FEATURE: Town planning gets boost from new Africa-focused climate model
A new climate model developed by researchers working for the Future Climate for Africa programme (a sister programme of CDKN’s) will provide local planners with more useful projections of the climate in their area for the coming decades. Leonie Joubert reports.
The Kenyan town of Nyandiwa sits on a small peninsula that juts out from the eastern shore of Lake Victoria. Like so many towns on the banks of the lake, it will become ever more vulnerable to flooding and inundation as its infrastructure struggles to cope with more intense storms and possible rising water levels in the lake.
Until now, if town planners wanted to get a picture of how rainfall patterns here might change in future, in order to manage infrastructure planning like building better stormwater management systems or flood-resilient roads, they could only look to computer models that painted a broad-strokes picture of the wider region’s changing climate. Most climate models use a 100km by 100km grid. But this doesn’t give details that are fine-grained enough to help town planners understand what is likely to change for a settlement as small as this Nyandiwa, which is about 2.5km long, less than a kilometre wide, and hemmed in on two sides by the lake’s shores.
But a new climate model will change this. The Pan-African Convection-Permitting Regional Climate (CP4-Africa) model zooms in to a 4.5km by 4.5km grid, and allows climate researchers to take a much closer look, on a scale that’s better suited to the local-level needs of a town like Nyandiwa.Convection, the upward flow of warm air in the atmosphere, is the engine that drives cloud formation, rainfall, and thunderstorm activity across the region. The CP4-Africa model works specifically to simulate how these convection patterns will change in future, and what that will mean for the timing and intensity of rainfall patterns and big storm events over the Lake Victoria Basin.
It is relatively easy to project how temperatures will respond to rising carbon dioxide levels in the atmosphere using computer models, explains Zablone Owiti, a research fellow with the Future Climate for Africa (FCFA*) project. But modelling how this will change air movement, and ultimately the formation of clouds, rainfall or storm patterns in future, is much more difficult, particularly at a more local scale.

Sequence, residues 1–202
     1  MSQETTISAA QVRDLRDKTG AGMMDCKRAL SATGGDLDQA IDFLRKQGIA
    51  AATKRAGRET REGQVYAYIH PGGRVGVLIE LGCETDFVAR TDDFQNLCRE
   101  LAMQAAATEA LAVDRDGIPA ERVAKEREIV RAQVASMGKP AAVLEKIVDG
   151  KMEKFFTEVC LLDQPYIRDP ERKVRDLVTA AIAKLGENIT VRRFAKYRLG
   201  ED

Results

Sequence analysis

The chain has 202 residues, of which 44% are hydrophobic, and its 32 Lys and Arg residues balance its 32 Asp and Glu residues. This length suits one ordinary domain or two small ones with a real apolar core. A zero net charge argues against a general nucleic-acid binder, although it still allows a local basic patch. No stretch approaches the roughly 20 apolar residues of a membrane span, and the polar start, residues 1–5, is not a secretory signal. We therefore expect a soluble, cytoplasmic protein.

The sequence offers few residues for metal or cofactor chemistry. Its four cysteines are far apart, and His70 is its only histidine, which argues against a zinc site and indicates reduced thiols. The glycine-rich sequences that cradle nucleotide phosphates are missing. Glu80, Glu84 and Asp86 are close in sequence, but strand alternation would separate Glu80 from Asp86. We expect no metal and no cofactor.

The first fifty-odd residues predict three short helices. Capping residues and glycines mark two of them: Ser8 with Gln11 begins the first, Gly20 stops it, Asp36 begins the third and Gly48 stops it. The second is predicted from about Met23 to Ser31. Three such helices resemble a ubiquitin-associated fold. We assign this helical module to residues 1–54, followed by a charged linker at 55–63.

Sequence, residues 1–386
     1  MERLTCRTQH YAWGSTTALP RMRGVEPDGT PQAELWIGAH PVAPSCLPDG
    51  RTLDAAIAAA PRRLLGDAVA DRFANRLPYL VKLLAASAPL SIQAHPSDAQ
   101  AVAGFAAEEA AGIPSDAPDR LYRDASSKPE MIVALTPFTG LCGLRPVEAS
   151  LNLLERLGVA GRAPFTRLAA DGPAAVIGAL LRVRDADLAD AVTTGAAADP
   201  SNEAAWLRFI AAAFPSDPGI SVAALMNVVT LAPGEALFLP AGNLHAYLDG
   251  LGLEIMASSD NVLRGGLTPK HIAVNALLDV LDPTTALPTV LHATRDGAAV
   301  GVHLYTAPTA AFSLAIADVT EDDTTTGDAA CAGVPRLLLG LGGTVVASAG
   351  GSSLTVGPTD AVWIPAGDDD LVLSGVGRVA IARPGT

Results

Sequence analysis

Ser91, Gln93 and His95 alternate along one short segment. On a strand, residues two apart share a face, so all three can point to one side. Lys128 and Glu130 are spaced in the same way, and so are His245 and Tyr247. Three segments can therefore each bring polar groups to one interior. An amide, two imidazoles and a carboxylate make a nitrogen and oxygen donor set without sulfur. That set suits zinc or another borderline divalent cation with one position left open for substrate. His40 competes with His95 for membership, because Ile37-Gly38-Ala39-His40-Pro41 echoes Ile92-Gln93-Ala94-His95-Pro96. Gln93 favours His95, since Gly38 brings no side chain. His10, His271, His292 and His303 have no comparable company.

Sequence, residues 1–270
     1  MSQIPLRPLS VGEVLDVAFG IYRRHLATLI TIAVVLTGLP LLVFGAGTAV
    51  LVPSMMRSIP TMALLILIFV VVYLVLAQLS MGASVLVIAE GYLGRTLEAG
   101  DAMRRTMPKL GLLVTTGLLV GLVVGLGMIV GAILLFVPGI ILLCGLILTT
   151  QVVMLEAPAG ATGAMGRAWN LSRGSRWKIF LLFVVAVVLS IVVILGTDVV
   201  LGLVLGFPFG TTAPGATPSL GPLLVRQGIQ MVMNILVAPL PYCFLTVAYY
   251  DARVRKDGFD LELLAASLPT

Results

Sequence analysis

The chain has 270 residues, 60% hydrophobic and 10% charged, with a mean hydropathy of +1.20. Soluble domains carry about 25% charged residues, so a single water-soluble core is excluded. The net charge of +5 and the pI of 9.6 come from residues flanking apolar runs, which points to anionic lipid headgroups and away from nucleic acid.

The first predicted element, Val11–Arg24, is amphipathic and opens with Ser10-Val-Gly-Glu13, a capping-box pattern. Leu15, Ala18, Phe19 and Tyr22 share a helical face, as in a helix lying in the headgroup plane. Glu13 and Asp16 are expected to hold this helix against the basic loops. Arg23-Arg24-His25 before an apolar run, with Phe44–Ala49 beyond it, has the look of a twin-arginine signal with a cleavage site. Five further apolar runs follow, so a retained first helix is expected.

‘The CP4-Africa model allows us to zoom in closely over the Lake Victoria Basin area. We can now simulate air movement on a much smaller grid, and get an idea of how this will impact on the duration and intensity of rainfall and storm events in future,’ he says. For instance, the model can project changes in statistical properties of rainfall patterns for a decade-long window in the near-term, such as from 2020 to 2030, or far in a decade in the longer-term future, such as 2090 to 2100.
The kind of climate information generated by this modelling can help town planners, development practitioners, and hydrologists understand the implications of changing rainfall and storm activity in terms of inundation and flooding most likely to occur along the shores of Lake Victoria. They will be able to identify places that are most vulnerable, and draw up risk maps to guide planning.
The Lake Victoria Basin is also the economic engine room of East Africa. Countries like Kenya, Uganda, and Tanzania rely heavily on rain-fed agriculture and fresh-water fishing in the lake.
‘This kind of information can help support the agriculture sector to adapt, as well. What sort of crops should they prioritise, in anticipation of local-level changes in rainfall? What alternative farming practices will help farmers to be more resilient? These can help farming policy decisions at national level, which can trickle down to farmers on the ground.’
Towns and settlements around the Lake Victoria Basin region in East Africa, like Nyandiwa on the Kenyan shore of the lake, need climate change information that is detailed and specific to their smaller-scale planning needs. Source: Google Maps